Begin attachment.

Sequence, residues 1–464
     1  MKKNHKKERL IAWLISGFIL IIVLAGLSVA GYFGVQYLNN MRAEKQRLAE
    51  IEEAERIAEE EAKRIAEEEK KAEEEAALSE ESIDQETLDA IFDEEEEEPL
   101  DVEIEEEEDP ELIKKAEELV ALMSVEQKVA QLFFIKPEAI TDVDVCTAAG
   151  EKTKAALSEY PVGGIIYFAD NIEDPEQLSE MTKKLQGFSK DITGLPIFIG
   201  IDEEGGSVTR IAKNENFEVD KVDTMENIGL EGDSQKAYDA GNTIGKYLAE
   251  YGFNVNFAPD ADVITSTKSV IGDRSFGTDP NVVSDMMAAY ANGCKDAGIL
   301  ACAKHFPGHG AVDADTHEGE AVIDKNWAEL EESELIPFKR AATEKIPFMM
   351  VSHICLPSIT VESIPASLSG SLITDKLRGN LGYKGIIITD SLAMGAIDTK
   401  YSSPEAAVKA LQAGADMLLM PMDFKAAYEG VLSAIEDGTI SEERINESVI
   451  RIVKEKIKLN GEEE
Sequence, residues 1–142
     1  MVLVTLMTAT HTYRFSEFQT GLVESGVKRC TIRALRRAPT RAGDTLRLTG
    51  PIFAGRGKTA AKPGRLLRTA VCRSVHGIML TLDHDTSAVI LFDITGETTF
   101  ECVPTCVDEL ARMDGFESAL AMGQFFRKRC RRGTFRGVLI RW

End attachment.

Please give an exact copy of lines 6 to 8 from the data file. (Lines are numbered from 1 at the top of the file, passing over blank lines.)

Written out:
   201  IDEEGGSVTR IAKNENFEVD KVDTMENIGL EGDSQKAYDA GNTIGKYLAE
   251  YGFNVNFAPD ADVITSTKSV IGDRSFGTDP NVVSDMMAAY ANGCKDAGIL
   301  ACAKHFPGHG AVDADTHEGE AVIDKNWAEL EESELIPFKR AATEKIPFMM